Summit’s AVC encode for Eclipse mostly mirrors the previous two entries on Blu-ray. The rather distinct grain structure is maintained cleanly, typically with limited noise. There are scenes of concern, the battle with the newborn vampires especially noisy. Any thoughts of intent are seemingly tossed out when the variations on that noise level fluctuate from shot to shot. There are non-battle scenes that reveal a heightened level of noise, some based on special effects, others for no readily apparent reason such as 1:45:39 where the backdrop is visibly awash with digital blocks.
The level of inconsistency is evident for most of the film, struggling to maintain a stable level of texture throughout. Edward can appear weirdly smoothed over in one shot, to loaded with refined high-fidelity detail the next. It’s jumpy, although those weaker shots tend to be the exception and not the rule. Many of the close-ups are striking, loaded with extensive texture, fully resolved hair, and specific stitches on the clothing. The blatantly obvious CG wolves carry thick coats of fur, suffering from a bare minimum level of aliasing at a distance, better handled when in close.
Color saturation is all over the place too, brilliant primaries evident during Bella’s brief trip to see her mother around 12:30 in, settling into the downtrodden cold blues the series has carried with it since the first film. Flesh tones follow the work of the digital intermediate, at times casting Edward with a warm, vibrant hue that makes no sense. Forests, the cinematography of the Canadian locales one of the few positives of this franchise, are loaded with with deep greens.
Black levels remain intact for almost the entire film, a few scenes slipping up into lighter shades of blue. The wolves at 29:04 lighten up, demolishing the depth the transfer usually carries with it. Contrast remains bright, blooming where someone deemed it necessary to enhance the mood, including the opening frames in the flower field.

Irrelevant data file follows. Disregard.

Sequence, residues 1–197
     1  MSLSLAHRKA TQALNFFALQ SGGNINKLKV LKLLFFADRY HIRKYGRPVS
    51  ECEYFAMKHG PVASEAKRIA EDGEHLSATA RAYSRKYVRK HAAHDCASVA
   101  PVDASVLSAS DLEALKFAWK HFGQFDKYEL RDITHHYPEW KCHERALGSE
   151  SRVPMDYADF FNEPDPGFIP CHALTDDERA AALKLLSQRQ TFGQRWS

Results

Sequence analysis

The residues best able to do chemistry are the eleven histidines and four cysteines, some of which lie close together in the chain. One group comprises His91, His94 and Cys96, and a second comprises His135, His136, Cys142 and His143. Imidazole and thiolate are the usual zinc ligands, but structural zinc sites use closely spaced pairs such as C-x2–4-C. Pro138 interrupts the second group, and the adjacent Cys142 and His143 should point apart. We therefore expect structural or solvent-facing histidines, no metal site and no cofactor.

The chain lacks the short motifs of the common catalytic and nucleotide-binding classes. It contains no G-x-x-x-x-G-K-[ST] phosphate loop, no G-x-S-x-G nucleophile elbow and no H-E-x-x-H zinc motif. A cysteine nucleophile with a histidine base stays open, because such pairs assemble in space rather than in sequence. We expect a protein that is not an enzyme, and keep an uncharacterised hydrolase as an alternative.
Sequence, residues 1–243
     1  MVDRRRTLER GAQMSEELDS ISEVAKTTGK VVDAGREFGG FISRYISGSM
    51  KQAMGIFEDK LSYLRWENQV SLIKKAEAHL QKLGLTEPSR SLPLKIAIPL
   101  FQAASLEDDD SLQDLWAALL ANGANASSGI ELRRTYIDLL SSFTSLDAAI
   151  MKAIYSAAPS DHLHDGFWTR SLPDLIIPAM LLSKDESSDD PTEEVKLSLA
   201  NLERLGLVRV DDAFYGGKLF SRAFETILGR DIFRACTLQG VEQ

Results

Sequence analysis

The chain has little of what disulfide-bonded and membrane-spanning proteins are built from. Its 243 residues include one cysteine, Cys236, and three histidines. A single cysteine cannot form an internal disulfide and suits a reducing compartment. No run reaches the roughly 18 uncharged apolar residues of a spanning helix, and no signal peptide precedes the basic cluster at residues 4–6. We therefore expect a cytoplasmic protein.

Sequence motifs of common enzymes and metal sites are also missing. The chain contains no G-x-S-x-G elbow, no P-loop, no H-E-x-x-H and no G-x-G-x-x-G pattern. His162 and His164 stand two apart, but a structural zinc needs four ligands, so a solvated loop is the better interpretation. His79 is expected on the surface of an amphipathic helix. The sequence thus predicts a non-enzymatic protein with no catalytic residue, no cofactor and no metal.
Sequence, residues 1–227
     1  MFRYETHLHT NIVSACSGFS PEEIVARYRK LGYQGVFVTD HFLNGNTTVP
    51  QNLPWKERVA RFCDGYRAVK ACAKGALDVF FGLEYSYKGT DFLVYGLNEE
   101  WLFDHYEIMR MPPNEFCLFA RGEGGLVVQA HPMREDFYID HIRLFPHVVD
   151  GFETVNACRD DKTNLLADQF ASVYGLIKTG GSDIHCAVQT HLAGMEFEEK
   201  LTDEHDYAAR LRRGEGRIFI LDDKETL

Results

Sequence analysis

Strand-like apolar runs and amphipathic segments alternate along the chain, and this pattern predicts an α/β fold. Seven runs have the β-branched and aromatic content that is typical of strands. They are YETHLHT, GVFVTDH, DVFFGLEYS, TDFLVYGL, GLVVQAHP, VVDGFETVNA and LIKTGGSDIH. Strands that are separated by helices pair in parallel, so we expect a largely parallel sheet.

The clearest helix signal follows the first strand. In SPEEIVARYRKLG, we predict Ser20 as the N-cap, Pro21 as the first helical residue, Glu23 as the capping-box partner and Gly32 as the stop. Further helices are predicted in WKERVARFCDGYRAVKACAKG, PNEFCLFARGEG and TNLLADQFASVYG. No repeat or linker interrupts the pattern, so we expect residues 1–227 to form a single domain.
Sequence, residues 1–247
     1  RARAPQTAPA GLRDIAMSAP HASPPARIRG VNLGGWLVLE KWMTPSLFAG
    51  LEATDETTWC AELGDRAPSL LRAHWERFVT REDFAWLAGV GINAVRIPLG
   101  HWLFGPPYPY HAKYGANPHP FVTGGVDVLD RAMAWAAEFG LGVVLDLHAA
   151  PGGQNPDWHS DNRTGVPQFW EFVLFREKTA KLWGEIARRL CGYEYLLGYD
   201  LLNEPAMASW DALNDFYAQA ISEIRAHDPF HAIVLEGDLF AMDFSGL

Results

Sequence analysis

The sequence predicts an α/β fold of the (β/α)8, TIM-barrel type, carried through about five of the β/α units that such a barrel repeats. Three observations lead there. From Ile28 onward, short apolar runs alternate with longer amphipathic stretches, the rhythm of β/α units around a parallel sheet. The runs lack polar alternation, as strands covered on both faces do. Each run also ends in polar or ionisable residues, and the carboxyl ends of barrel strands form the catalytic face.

The movie’s audio is mundane for most of the running time, reflecting the drab, bland nature of the material. This DTS-HD mix has little to process beyond dialogue, but the sound design is such that it elevates the ambiance to offer something for the surrounds to do. From the opening scenes, birds are heard chirping throughout the soundfield, creating an effective wrap-around effect. At night, insects chirp freely in various channels, brought out enough to be noticed without being overdone to become unnatural.
The few fight scenes, or chases including the early forest run, capture a sense of motion fluidly. Tree branches and snapped and torn as everyone runs at super-human speed, rushing air completing the illusion. A training session at 58-minutes is aggressive, vampires sliding around kicking dirt up into the proper speaker.
Bass is limited, never coming alive like it probably should. The final battle carries a few thuds of note as punches and clotheslines are landed. Vampires hit the ground catching in the low-end, yet the presence isn’t as strong as a brief vision at 1:43:25, where footsteps take on more weight than a human-sized wolf pouncing on somebody.
There are two commentaries here, the first with stars Kristen Stewart and Robert Pattinson. Track two has book author Stephenie Meyer and producer Wyck Godfrey discussing the film transition. A making-of, split into six different sections, runs almost 90-minutes. This can be viewed on its own or via picture-in-picture, either way making this an insightful look into the film process, even if the whole thing carries that blatant promotional feel.
Eight deleted scenes offer an optional commentary from director David Slade, these followed up by a stack of music videos and photo gallery. There’s also a feature where you can jump to scenes with specific attributes, like Edward or Jacob.